The Tuohy Family’s Side Of The Story Has A Giant Hole At The Center
1:46 PM EDT on August 18, 2023
On Monday former NFL offensive lineman Michael Oher, subject of the 2006 Michael Lewis book The Blind Side and its 2009 film adaptation, went public with a 16-page court petition, accusing the Tuohy family—depicted in book and film as having opened their home to the former foster child—of tricking him into a conservatorship that gave them control over his name and story rights under the phony pretense of adopting him into their family.
Amid the controversy and the heavy media scrutiny brought about by Oher's allegations, the Tuohy family, through their lawyer Marty Singer, has responded. According to Singer, this is merely a shakedown for millions of dollars that the family never even received from the movie. "The notion that a couple worth hundreds of millions of dollars would connive to withhold a few thousand dollars in profit participation payments from anyone—let alone from someone they loved as a son—defies belief," Singer says in his statement.
According to Singer, the conservatorship was simply "established to assist with Mr. Oher’s needs, ranging from getting him health insurance and obtaining a driver’s license to helping with college admissions." Through Singer the Tuohys claim that Oher was free to exit the conservatorship at anytime, and that "the Tuohys will never oppose it in any way." Singer claims that the Tuohys have given Oher an equal cut of every dime they've ever received from The Blind Side, and that Oher has attempted this suit "several times before." Singer calls it a "cynical attempt to drum up attention in the middle of his latest book tour." He also says that the Tuohys are heartbroken over it but hope to reconcile with Oher soon.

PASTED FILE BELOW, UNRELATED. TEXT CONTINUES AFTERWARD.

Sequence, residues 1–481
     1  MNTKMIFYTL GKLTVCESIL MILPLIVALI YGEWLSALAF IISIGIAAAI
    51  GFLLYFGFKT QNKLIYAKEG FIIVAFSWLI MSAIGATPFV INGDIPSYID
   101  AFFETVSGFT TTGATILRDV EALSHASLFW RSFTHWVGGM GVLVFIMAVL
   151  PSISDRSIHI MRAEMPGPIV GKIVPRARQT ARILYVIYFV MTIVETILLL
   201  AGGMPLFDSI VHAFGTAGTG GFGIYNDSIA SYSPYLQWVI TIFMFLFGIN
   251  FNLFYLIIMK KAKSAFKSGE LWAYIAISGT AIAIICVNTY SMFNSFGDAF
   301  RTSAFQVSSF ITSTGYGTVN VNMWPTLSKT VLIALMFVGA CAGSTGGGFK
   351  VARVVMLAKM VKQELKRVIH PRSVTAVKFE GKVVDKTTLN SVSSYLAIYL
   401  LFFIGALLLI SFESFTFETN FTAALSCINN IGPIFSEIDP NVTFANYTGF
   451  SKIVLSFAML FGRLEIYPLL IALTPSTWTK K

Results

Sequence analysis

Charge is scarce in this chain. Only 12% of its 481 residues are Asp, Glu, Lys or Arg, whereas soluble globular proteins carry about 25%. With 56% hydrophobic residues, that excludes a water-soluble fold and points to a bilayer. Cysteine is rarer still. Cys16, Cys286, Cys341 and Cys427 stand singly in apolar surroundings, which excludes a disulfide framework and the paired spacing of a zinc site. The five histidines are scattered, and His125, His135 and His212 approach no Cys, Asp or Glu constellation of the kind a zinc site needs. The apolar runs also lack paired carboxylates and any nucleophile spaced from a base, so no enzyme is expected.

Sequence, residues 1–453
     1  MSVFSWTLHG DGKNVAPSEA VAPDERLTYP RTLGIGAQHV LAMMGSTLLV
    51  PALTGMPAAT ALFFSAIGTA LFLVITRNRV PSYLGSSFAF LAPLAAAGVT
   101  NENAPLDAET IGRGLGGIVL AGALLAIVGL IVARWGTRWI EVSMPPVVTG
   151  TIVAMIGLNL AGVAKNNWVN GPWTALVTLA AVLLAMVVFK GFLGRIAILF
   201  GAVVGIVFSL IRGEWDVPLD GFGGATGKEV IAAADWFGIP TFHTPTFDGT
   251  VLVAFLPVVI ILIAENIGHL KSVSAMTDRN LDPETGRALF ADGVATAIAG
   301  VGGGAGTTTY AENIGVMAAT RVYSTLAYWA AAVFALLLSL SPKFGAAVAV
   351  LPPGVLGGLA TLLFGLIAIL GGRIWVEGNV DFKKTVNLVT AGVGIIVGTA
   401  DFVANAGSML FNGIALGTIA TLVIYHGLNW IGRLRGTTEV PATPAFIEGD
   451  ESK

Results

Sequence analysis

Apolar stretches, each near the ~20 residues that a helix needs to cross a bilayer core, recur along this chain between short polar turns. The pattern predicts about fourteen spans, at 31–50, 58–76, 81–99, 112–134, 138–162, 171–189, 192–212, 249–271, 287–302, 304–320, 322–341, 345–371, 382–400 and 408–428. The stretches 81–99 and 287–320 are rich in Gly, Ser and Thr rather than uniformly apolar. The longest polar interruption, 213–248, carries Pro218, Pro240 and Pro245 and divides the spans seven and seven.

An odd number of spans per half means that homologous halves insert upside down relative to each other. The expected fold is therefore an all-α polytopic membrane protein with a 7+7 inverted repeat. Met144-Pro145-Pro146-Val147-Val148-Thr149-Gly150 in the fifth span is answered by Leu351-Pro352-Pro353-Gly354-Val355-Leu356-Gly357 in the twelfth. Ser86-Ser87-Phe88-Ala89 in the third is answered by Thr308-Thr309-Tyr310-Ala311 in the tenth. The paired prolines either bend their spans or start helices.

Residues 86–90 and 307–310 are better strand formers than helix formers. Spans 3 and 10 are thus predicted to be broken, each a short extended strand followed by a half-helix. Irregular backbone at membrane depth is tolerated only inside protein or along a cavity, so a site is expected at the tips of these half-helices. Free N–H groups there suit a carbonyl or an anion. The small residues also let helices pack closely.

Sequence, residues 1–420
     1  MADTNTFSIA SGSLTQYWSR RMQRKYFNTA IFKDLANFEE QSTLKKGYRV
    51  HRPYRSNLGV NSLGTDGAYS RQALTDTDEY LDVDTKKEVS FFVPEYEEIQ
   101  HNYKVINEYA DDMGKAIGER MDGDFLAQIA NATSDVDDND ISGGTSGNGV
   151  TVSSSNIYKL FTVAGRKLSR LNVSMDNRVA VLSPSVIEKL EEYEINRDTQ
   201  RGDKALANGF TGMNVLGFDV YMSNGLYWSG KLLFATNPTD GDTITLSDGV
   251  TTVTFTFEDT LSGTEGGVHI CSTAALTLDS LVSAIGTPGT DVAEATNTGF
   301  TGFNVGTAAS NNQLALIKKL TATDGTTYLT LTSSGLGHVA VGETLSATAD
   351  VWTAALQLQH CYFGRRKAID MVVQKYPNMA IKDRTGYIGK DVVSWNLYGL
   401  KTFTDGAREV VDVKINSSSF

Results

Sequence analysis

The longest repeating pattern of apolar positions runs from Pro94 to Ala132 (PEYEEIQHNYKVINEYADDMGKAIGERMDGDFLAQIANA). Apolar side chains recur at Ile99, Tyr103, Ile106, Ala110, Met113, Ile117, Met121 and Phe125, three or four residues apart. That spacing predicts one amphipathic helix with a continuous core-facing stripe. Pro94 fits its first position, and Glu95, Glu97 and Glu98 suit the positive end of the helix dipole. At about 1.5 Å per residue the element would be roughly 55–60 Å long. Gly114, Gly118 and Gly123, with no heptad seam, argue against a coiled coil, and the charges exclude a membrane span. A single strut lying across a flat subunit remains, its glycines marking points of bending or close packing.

Some of these claims now have the support of Michael Lewis, who in addition to authoring the book on which the film is based is also a close family friend of the Tuohys. Lewis told the Washington Post, in an interview published on Tuesday, that none of the story's principals made very much money off the film. "Everybody should be mad at the Hollywood studio system," he told the Post.
Lewis wrote The Blind Side after his childhood friend Sean Tuohy relayed Oher's story to him. When 20th Century Fox first optioned the story, the studio paid $250,000 for the rights to make the movie; Lewis said that he shared this 50-50 with the Tuohys, and that the Tuohys told him they would split it equally among the family. When Fox later dropped the idea, the production was then picked up by Alcon, a small production company backed by FedEx CEO Fred Smith, who just happened to be the Tuohys' neighbor. In that deal Lewis and the Tuohys were given a deal to share in the film's profits, but according to Lewis that deal paid out far less than they'd expected, despite the movie raking in hundreds of millions at the box office.